FIG. 8 shows a diagram of how a centralized controller may use the vibration mediated network to adjust various locally optimized power optimization devices to achieve a better power optimization for the solar array as a whole.
FIG. 9 shows a diagram of various alternate transducer configurations.
DETAILED DESCRIPTION OF THE INVENTION
One of the most unusual aspects of the invention is its use of vibrations in a solid medium as the primary basis for communicating information and forming a network, in particular a meshed multi-node network.
As previously discussed, although the use of vibrations in a solid media as a communications modality is non-intuitive for this application, this type of communications modality does appear to be well suited to photovoltaic solar panel arrays. Solar panels in such arrays are typically mounted very close together, with typical spacing between panels on the order of one meter or less. Such panels are usually mounted on rigid support structures, and connected by relatively thick, robust, and semi-rigid power cables that lend themselves well to conducting vibrations for fairly long distances.
This approach also avoids the problem that, as previously discussed, a number of photovoltaic solar panel wiring codes make it more difficult to implement more traditional networking approaches, such as by installing supplemental wiring alongside of the main solar panel wiring. The unorthodox vibration mediated approach of the invention also helps overcome problems caused by electrical noise and radiofrequency noise. Finally, from a security standpoint, some organizations may not wish to risk sharing the knowledge of their solar panel tuning and optimization strategy with the world, which would essentially be the case if alternate prior art wireless networking methods were used. The vibration data transmission approach minimizes this problem as well.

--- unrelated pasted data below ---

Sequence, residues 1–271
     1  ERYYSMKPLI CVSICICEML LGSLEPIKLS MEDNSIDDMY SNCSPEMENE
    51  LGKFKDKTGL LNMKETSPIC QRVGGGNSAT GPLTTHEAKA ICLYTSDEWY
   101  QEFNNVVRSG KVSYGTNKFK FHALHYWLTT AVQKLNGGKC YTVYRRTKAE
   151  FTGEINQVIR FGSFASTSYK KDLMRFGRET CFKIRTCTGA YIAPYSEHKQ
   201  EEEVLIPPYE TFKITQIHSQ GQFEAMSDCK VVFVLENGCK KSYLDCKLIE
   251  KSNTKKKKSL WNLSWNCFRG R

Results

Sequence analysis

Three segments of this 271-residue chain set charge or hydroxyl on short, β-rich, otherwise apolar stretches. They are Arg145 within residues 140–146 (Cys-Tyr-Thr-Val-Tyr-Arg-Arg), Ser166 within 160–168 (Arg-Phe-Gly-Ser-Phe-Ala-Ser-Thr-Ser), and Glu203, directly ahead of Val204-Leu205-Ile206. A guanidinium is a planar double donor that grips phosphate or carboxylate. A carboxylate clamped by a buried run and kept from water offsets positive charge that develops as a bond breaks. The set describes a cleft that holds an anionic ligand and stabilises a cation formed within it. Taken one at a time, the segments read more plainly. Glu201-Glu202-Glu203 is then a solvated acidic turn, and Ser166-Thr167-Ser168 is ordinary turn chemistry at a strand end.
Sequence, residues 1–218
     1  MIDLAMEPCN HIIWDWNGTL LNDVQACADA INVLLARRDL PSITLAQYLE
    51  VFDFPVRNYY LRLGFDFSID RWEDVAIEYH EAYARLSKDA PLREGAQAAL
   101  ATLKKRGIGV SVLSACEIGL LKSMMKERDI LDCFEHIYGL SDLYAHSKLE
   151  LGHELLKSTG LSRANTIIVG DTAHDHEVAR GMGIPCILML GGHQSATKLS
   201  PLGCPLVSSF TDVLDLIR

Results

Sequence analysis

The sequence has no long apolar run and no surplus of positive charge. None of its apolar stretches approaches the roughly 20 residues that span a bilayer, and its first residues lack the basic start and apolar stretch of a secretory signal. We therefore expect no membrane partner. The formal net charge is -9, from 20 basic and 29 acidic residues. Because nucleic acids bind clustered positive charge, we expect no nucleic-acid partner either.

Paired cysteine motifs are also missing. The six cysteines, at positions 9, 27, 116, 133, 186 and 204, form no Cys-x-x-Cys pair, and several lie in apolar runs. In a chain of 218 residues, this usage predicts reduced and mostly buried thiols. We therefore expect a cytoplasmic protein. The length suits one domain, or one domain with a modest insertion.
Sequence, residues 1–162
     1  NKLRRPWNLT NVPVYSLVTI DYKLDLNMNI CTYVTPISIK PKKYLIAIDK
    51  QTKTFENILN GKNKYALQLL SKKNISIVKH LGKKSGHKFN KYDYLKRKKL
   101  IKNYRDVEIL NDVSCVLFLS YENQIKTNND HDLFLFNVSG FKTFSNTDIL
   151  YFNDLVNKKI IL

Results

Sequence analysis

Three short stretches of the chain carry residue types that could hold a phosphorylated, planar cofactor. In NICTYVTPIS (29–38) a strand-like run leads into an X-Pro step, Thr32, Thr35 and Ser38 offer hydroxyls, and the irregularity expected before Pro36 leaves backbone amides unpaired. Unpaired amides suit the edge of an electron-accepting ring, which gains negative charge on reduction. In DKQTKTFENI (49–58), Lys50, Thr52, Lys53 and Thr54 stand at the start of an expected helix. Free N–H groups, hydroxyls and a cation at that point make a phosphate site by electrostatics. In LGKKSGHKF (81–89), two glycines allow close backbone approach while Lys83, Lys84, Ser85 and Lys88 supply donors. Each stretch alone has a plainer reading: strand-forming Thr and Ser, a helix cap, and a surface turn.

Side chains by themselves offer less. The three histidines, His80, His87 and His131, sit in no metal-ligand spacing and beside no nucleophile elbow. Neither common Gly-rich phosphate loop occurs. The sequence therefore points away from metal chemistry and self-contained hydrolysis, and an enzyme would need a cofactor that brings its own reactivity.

The vibrations in the solid media may be induced by a variety of methods. In general, electrically driven transducers, such as piezoelectric or magnetic transducers, may be used. These transducers will normally drive the sold media at frequencies in the audio i.e. 20-20,000 KHz range, or ultrasonic range (over 20,000 KHz). Here the optimal frequency will vary from media to media, and indeed ideally upon first use, an optimization process may be done to determine what frequencies are best for any given situation. Here an auto tuning and calibration scheme to enable better vibration or acoustic coupling may be useful. Additionally, standard methods to estimate the response of the solid media vibration channel, including predistortion, equalization, and echo cancelation techniques, may also be used to improve the communication performance of the system.
Data may be communicated by a variety of different schemes, including continuous and burst communication schemes. In one embodiment, data may be communicated by frequency modulation. In a digital frequency modulation scheme, the transducer can transmit a first vibration frequency as a digital “1”, and a second vibration frequency as a digital “0”. The data transmission schemes may further be full-duplex or half-duplex. In this disclosure, to keep the examples simple and easy to follow, most of the examples will use a simple, half-duplex, binary “0” and “1” frequency modulation scheme; however these examples are not intended to limit the scope of the invention in any way.
More complex multi-value schemes may also be used that can transmit more than one bit at a time. Examples of such multi-value schemes include dual-tone multifrequency schemes (similar to that used in telephone handsets), exemplified by protocols such as such as the International Telecommunications Union recommendation Q.23 protocol.
Other data transmission schemes include the Bell labs and CCITT modem protocols. For example, the Bell 103 protocol can transmit at a 300 baud per second rate using 1-bit bauds (changes in the transmitted level per second). Depending upon the solid medium chosen, much higher data transmission rates may be possible. Custom data transmission schemes may also be devised. Standard error correction schemes, such as the v.42 error correction protocol, checksum protocols, parity bits, cyclic redundancy checks (CRC), hash functions or other protocols may be used, as well as custom error detection and correction protocols. Although one advantage of using vibrations in solid media is that unlike wireless communications (which are easy to intercept), vibrations in sold media are generally harder to intercept; if necessary for still higher security, encryption may also be used.